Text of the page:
Personal Wealth Management / Market Analysis

What to Glean From the Latest Crypto-Firm Collapse

The contagion isn’t spreading to stocks, which shouldn’t surprise.

The fallout from cryptocurrency exchange FTX’s collapse continued Monday, claiming its latest crypto victim: BlockFi, a smaller exchange that also offered crypto-backed loans. Its bankruptcy, which became official Monday, was largely a foregone conclusion after it halted withdrawals last month due to “significant exposure” to FTX. Another crypto lender with deep FTX ties, Genesis Global Capital, has also suspended withdrawals and is exploring its restructuring options but hasn’t filed for Chapter 11 yet. More crypto companies could follow. Yet stocks are looking past this saga, which seems right to us. There is no logical reason for a contagion in traditional financial markets—no transmission mechanism. In our view, this should gut worries about crypto’s woes spilling over.

If you simply look at crypto and stock prices over the past couple of years, we guess it is easy to see why some would presume there is a link. They have been highly correlated at times, with both up nicely in 2021 and both down this year. Whenever financial markets move concurrently, it can be tempting to presume causality. More often, it is a case of two asset classes having occasionally overlapping drivers—in this case, we think the overlapping factor is investor sentiment. Last year, we saw some evidence euphoria was beginning to emerge in some areas of markets. Crypto was a prime landing spot, as were special purpose acquisition companies and other niche corners of the stock market. This year, when sentiment soured greatly over inflation, Fed rate hikes, rising long rates, energy prices, sanctions and so much more, we think it hit stocks and crypto alike—with crypto crashing harder after booming much higher in 2021. Said differently, sentiment pushed crypto to a classic boom-and-bust while stocks endured a more traditional bull-to-bear market transition. Same directionality, different magnitudes, sentiment at the center.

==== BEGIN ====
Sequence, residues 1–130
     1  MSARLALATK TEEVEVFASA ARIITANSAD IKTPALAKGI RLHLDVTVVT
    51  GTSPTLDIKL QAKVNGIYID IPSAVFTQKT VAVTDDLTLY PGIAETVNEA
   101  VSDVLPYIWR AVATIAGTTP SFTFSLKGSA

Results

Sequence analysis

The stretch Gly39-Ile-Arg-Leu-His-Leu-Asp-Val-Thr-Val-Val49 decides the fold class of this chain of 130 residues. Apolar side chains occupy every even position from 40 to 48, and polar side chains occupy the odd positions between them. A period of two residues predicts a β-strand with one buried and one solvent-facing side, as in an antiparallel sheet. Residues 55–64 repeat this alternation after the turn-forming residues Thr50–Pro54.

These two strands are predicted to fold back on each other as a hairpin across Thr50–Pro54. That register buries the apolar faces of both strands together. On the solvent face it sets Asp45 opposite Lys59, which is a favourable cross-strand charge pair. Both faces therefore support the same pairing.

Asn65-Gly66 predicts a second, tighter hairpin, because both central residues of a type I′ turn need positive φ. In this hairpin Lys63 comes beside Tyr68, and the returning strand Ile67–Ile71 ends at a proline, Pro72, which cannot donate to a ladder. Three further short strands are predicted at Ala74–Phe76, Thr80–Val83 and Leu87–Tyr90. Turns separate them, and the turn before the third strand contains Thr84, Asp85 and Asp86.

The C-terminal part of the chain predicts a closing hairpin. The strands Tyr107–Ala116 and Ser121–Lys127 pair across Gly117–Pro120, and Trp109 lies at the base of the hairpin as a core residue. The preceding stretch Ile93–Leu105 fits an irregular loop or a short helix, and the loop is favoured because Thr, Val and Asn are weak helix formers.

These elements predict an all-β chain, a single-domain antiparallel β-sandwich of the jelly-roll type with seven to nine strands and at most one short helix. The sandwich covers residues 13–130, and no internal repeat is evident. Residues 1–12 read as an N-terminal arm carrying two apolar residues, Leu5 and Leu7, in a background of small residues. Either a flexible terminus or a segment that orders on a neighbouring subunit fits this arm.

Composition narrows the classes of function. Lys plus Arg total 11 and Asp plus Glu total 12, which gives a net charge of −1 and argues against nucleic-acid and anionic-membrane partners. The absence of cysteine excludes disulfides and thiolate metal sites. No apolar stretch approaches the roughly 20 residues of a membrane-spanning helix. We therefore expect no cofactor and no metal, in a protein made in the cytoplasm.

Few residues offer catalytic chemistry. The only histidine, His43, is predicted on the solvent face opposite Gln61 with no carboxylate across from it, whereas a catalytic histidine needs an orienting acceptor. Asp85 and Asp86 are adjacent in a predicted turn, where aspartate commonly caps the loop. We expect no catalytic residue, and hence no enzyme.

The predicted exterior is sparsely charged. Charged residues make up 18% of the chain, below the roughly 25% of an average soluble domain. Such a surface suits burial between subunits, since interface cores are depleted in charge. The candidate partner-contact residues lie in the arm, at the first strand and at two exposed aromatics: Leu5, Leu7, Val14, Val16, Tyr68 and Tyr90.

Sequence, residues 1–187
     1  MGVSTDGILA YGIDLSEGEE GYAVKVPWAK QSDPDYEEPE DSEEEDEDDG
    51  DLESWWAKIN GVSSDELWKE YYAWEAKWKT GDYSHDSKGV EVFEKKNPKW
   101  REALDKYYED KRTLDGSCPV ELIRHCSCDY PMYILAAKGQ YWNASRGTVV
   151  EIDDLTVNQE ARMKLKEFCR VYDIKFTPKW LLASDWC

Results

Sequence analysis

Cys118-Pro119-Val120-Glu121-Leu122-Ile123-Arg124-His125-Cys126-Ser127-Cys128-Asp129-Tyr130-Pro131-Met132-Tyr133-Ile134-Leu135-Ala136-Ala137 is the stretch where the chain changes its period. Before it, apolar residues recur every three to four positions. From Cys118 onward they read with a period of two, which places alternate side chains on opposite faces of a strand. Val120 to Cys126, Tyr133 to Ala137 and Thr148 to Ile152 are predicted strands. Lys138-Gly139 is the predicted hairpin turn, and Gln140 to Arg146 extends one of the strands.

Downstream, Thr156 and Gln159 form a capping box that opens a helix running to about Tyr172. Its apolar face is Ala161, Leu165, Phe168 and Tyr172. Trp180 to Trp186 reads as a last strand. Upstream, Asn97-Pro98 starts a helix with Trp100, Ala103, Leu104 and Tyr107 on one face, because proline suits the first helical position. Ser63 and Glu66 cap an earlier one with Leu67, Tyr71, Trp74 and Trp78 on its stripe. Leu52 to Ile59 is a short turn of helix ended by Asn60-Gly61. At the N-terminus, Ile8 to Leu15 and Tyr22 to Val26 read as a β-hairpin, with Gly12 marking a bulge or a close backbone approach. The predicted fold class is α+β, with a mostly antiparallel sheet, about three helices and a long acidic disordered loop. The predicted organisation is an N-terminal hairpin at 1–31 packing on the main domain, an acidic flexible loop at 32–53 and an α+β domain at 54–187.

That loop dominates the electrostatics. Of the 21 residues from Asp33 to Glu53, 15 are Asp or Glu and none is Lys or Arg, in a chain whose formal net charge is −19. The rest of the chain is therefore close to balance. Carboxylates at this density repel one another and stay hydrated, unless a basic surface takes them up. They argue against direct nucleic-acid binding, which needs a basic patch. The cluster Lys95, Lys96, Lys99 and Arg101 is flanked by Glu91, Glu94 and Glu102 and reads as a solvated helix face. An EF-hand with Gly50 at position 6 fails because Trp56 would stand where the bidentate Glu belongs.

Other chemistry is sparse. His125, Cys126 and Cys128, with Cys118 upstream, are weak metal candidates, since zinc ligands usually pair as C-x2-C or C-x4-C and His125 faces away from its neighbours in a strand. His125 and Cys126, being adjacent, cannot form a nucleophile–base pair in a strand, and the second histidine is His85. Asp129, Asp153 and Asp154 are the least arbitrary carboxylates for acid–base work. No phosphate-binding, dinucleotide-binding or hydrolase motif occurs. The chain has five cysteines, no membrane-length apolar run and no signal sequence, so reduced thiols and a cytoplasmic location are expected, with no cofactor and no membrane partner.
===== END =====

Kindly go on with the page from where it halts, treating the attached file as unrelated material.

Crypto’s crash was the prelude to FTX and the related collapses. Digital coin exchanges and lenders are backed by cryptocurrencies themselves (typically a mix of proprietary and third-party tokens), tying their balance sheets to the crypto market’s whims. A collapse in FTX’s self-issued token, FTT, is what eventually exposed the exchange’s apparent mishandling of client assets, which the authorities are now investigating. Meanwhile, the collapse of bitcoin and other cryptos hammered BlockFi over the summer, destroying the collateral backing the loans it had issued, leading it to take emergency funding from FTX—paving the way for this week’s Chapter 11 filing. This is all in line with how these things typically unfold: Asset crashes, companies with exposure to that asset fail, bankruptcies work their way through the system.

The specter of financial firms failing in bunches understandably recalls the Global Financial Crisis, Savings & Loan Crisis and other banking crises throughout history. Yet unlike them, the crypto failures haven’t sown market panic. Since November 7—the day rival crypto exchange Binance disclosed it would dump its FTT holdings over concerns about FTX’s balance sheet—the S&P 500 is up 4.1% in price terms.[i] This figure includes Monday’s -1.5% decline, which most observers tied to Western jitters over the latest COVID happenings in China.[ii] Meanwhile, bitcoin is down more than -20% in this short stretch and is bouncing around its year-to-date low.[iii]

In our view, the divergence is logical. The recent crypto bank runs risk spiraling into a run on crypto itself as people more accurately weigh the risks. But all of this is insulated from most stocks and bank balance sheets. Financial regulations made it so costly and onerous for banks to hold crypto on their balance sheets that most didn’t bother. The lack of FDIC or SIPC protections for accounts at crypto exchanges means Federal entities aren’t on the hook to make accountholders whole in the event a crypto exchange fails and can’t meet withdrawal requests, taking taxpayer money out of the equation. Some publicly traded companies have crypto holdings but have already written them down throughout the year. These holdings have been public knowledge from the start, enabling markets to deal efficiently with them. Venture capitalists will take a hit, but that just means funding might—might—dry up a bit in Silicon Valley, hitting startups but not publicly traded firms.

Lastly—and apologies if this seems a bit callous—we see a small silver lining in this saga. For one, it is a reminder to those who dabbled in these highly speculative assets that core concepts like weighing risk and return are critical. It could also let the world see that the overall financial system can actually handle some failures just fine—contagion isn’t automatic and it doesn’t just happen with no transmission mechanism. We aren’t cheering on a collapse here, mind you, but if it prompts a revival in due diligence and chips away at too-big-to-fail jitters, we would see value in that.


[i] Source: FactSet, as of 11/28/2022. S&P 500 price return, 11/7/2022 – 11/28/2022.

[ii] Ibid. S&P 500 price return on 11/28/2022.

[iii] Source: CoinMarketCap, as of 11/28/2022. Bitcoin price, 11/7/2022 – 11/28/2022.


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*The content contained in this article represents only the opinions and viewpoints of the Fisher Investments editorial staff.

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